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American History
Child Care, 1955

     Mother's who worked at The Chilocco Indian School brought their children through the doors of the small house which had been designated to be the day care building.  Those little people were all from two years and up. Their warm,  fluffly-coats, mittens and caps gave them the warmth they needed for these windy,  piercing cold mornings. Their mama would stand for a moment with them while the tiny person in front of her hung their head but otherwise did not complain. I was just a girl but I identified with the children because my own mother had always worked with Dad on the ranch. She took us to our Grandmother in town so they could do the ranching chores. I don't think I ever remembered at all, the exact time she left. Gramma always had me busy with some activity and Mother wasn't missed.

       This was happening to these children also. They hung their coats in the little stall where their name was marked. Evidently it was a learned habit because surely they were too young to read. If  rain boots were pulled off these were put on the bottom of the tall, narrow small box like cabinet. As methodically as if someone was guiding them, one by one, the kids  walked over to the shelves holding toys. The girls who had obviously worked here before were busy with helping the little ones find their own particular favorite toy.  When they were through with a certain toy they dutifully picked it up, returned it to its place on the shelf,  before they took out another.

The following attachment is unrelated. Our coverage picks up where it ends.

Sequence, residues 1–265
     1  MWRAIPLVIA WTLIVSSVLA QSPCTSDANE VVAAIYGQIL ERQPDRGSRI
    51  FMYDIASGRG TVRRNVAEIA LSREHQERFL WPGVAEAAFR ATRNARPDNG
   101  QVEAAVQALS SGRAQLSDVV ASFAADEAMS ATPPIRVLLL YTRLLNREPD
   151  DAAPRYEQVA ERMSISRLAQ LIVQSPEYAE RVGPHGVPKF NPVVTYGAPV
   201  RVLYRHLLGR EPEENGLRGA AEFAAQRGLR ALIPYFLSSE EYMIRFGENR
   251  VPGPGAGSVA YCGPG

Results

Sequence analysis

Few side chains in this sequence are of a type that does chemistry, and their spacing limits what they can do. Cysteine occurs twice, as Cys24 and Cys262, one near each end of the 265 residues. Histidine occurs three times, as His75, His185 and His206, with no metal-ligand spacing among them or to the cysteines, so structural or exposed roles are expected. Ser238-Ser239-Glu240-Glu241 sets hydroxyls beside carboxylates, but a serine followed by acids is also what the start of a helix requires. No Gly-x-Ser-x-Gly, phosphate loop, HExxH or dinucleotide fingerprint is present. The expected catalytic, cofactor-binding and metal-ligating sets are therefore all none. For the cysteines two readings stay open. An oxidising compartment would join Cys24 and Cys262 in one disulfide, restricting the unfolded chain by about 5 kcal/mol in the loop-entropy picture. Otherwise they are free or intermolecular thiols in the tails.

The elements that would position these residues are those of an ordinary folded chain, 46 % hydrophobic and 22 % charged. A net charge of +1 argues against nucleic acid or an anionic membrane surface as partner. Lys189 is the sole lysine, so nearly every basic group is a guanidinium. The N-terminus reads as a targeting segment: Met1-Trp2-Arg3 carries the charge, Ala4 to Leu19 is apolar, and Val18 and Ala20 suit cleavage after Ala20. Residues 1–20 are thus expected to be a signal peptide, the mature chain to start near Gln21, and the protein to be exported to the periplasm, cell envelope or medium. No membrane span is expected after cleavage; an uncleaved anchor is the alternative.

The free time did not last any longer than it took for the last child to arrive. Every activity was acted out much like a choreographed dance. After a frugal morning snack of fresh squeezed orange juice and some other small tidbit the little people lined up to quietly step up onto a small stool so they could brush their teeth, this was after a toothbrush had been retrieved from their own cabinet. Their parents were military people and so were the children.

       It didn't matter that the freezing wind blew over the play yard. These tough little people were dressed in their warm coats, mittens, and caps for a brief play time outdoors. Some of the more tender hearted girls held one or other of the smallest children in their arms which gave them a little warmth. Fortunately the fresh air requirements were kept to a minimum when a freezing climate outdoors there on the edge of Northern Oklahoma close to the Kansas line made even breathing difficult.

      Meal time found these quiet, disciplined children seated four around a miniature card table just their size. The meals were taken at an adjoining house where the tables and fresh white tableclothes had been evidently placed there by the girls who were in Practice Cottage and this was yet  another part of the home economics training.

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